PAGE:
antique prints, maps and watercolors

(Cow portrait) "The Yorkshire Rose" after G. Horner by C. Turner, Yorkshire, printed March 17, 1838. Framed SOLD

“The Yorkshire Rose. This Wonderful Animal was Bred by the Late John Ainsley, of Otterington House, near Northallerton, Yorkshire, and Fed by Medd Scarth, Esq. Carlton, Near Stokesley[…] Painted by G. Horner, Manchester. Engraved by C. Turner, A.R.A. Printed March 17, 1838 by Mr. Henry Nicholson, Bedale, Yorkshire.


Although animal painting was considered a lower branch of the arts, somewhere between still life and history painting, animal portraiture was HUGELY popular in 18th century Britain. The renowned sporting artist Benjamin Marshall (English 1768 – 1835) remarked “Many a man will pay me 50 guineas for a portrait of his horse who thinks ten guineas too much for a painting of his wife."

Enthusiasm for these paintings of prize winning animals came from the “top” with Queen Victoria's and Prince Albert’s interest and preoccupation with their farms. (They even went so far as to name animals after family members). Agriculture in the early 19th century was the premier industry and biggest employer – everyone from laborers to farmers to landowners depended on the prosperity of the farm for their livelihood. Breeders competed for the fattest beasts marketing them and their farms ability to produce them. Publicity portraits of prize winning animals were commissioned by their owners for their own pride and pleasure or out of rivalry with neighboring farmers. Patrons wanted no artistic license when painting their animals who were shown in static profile so that carcass size, distribution of fat and proportions could be properly appreciated. Paintings were displayed in breeder’s farm houses as important promotional material to impress visiting farmers and agriculturalists.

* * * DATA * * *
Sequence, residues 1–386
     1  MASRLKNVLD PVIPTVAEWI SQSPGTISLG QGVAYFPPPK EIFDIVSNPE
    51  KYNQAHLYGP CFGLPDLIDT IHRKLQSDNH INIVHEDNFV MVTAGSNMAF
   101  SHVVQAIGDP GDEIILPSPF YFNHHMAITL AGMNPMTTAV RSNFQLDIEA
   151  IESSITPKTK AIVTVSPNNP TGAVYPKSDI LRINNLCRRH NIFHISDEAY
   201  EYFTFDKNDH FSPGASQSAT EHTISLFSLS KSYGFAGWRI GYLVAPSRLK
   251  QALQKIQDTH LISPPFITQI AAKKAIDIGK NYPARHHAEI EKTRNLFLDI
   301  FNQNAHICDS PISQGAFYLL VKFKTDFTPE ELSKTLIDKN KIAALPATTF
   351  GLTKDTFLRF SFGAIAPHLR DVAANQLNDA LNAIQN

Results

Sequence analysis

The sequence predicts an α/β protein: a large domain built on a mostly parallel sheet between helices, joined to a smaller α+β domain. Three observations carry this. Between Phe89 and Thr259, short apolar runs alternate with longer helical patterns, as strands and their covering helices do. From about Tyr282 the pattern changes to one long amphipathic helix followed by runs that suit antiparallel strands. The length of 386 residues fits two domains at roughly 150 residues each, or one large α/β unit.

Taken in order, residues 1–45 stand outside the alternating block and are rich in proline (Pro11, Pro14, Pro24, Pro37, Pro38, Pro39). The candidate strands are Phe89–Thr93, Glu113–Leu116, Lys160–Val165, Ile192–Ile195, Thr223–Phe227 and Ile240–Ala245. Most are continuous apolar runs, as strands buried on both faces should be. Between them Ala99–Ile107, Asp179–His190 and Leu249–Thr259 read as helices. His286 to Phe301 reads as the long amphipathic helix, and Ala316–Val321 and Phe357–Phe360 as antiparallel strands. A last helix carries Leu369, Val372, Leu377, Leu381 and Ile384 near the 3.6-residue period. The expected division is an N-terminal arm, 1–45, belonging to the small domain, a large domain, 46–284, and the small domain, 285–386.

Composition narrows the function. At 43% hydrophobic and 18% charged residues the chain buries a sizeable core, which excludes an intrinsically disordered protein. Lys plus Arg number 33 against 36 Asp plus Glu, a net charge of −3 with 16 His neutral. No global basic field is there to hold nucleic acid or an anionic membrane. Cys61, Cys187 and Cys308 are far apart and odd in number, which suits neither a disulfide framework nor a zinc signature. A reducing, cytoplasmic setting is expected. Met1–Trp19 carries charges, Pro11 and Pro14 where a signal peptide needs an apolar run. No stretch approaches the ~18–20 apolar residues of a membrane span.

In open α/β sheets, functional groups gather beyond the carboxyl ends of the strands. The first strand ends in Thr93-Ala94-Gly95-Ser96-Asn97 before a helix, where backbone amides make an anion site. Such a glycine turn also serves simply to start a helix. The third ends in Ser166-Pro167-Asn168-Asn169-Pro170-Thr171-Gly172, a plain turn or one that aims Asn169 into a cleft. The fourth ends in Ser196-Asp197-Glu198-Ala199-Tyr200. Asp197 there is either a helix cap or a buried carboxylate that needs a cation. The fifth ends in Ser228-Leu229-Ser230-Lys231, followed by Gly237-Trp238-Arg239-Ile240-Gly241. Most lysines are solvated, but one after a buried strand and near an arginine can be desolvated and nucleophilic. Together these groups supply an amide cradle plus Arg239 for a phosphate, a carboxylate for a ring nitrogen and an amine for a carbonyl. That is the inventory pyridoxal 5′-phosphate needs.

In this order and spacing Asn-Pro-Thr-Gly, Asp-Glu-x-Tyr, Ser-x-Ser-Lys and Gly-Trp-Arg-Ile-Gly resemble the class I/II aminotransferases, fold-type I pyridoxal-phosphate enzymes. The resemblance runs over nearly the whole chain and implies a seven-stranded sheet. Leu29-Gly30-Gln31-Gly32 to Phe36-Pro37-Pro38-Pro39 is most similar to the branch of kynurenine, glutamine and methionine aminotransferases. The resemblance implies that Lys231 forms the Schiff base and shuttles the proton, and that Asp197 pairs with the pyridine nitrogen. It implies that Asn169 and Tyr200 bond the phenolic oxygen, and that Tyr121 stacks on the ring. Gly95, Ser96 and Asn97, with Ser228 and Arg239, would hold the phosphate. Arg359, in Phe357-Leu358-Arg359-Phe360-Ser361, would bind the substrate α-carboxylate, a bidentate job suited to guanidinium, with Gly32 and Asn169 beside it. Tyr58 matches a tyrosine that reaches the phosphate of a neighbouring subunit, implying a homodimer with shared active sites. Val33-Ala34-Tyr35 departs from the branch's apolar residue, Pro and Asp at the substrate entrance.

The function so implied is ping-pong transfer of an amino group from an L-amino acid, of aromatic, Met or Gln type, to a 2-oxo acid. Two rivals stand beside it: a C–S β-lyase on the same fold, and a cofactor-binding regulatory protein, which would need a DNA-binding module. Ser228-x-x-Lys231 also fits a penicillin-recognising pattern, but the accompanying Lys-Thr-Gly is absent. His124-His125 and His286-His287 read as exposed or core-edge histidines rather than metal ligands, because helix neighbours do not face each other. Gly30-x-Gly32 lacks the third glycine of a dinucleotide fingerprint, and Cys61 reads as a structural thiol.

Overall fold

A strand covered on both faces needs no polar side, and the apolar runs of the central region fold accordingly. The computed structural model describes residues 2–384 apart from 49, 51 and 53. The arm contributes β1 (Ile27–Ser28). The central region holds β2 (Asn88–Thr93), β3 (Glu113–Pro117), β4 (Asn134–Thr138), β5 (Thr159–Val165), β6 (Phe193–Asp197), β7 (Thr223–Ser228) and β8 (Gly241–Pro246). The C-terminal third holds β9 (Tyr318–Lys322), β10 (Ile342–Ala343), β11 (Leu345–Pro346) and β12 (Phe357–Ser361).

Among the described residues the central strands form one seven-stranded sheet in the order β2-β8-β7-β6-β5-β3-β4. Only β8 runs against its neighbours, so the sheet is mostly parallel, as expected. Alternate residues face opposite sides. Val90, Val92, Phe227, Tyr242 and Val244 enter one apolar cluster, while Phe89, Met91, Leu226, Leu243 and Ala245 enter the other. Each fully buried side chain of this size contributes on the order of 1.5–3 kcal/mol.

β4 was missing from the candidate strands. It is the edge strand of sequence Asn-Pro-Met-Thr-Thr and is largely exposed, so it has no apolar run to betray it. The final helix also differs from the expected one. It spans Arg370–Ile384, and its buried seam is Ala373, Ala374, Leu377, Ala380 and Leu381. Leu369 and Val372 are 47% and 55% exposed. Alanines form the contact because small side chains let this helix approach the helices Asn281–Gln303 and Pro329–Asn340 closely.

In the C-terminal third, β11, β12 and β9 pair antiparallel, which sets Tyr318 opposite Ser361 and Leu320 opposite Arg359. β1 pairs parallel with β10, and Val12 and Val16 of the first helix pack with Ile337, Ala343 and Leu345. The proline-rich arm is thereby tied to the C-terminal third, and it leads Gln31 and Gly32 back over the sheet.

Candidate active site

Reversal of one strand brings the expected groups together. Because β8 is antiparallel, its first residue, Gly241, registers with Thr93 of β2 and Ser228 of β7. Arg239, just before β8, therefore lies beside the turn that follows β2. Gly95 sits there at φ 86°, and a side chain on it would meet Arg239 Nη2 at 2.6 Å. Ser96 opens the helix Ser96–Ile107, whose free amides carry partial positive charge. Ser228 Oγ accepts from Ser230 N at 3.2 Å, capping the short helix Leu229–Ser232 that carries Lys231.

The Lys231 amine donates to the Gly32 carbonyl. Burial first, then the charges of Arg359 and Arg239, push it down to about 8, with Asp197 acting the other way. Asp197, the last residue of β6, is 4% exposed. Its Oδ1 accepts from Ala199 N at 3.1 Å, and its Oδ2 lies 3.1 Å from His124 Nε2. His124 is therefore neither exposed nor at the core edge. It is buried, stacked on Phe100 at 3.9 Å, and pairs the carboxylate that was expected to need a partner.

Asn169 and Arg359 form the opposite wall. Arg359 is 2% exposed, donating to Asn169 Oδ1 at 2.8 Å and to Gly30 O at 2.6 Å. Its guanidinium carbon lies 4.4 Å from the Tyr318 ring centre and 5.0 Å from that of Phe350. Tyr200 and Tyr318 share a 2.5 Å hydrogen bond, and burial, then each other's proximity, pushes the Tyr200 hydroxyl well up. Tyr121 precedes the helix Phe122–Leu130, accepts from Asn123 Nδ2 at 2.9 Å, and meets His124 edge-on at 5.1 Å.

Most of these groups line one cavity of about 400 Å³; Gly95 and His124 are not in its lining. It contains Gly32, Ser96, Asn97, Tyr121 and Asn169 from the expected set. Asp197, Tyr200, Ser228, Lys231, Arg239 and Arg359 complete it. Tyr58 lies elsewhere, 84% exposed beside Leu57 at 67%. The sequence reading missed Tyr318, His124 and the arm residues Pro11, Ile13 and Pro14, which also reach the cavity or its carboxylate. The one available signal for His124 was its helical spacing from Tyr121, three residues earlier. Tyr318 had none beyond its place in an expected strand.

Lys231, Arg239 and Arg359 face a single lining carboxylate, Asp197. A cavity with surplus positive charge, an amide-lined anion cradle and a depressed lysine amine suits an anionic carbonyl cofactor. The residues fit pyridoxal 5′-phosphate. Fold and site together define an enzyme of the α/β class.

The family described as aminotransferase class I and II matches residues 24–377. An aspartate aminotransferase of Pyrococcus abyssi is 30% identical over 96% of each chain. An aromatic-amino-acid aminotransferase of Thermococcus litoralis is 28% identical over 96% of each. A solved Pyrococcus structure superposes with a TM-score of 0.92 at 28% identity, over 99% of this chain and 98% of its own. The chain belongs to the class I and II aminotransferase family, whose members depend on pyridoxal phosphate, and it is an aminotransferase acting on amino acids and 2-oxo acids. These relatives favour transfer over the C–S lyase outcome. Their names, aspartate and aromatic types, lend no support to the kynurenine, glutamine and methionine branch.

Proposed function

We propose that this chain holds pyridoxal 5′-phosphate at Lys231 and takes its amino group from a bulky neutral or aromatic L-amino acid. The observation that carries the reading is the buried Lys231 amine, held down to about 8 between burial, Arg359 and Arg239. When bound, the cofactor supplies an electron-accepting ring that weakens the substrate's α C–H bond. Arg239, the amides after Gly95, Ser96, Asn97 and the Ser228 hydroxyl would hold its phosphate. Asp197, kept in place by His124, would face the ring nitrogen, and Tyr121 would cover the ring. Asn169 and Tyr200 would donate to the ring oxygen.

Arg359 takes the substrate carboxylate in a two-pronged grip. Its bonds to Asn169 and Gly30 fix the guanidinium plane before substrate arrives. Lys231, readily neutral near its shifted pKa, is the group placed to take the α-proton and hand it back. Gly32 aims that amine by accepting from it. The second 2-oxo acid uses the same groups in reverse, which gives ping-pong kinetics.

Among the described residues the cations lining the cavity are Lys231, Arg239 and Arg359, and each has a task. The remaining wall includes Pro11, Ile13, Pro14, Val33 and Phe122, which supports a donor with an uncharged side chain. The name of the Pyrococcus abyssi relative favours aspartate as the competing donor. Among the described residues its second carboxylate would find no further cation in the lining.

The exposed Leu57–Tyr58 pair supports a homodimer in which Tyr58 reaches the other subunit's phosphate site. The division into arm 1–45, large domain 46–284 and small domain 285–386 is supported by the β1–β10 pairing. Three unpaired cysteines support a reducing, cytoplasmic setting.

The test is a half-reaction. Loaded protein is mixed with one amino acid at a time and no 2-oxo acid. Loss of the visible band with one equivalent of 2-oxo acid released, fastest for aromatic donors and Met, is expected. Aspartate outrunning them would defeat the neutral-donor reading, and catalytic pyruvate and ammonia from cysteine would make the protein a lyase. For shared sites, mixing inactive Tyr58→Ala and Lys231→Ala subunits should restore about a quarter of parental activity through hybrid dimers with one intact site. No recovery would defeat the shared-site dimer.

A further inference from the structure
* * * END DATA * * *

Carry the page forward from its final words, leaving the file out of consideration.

“The Yorkshire Rose” was a celebrated cow, the detailed letterpress description states her “astonishing dimensions” her health and the “surprising” fact that her “only food from 6 months Old to the Age of 3 Years and 5 months was Grass and Hay, notwithstanding Her amazing weight She is very active.” This portrait was engraved and tinted by the great mezzotint artist Charles Turner from a painting by George Christopher Horner a sporting artist active in Liverpool and Manchester.

One of the truly great cattle prints.


Archivally framed.
Hand colored etching and aquatint on watermarked paper (1839) full original hand color.
20 ½ x 25 inches site,  31 x 38 inches framed.
Professionally de-acidified. Excellent condition.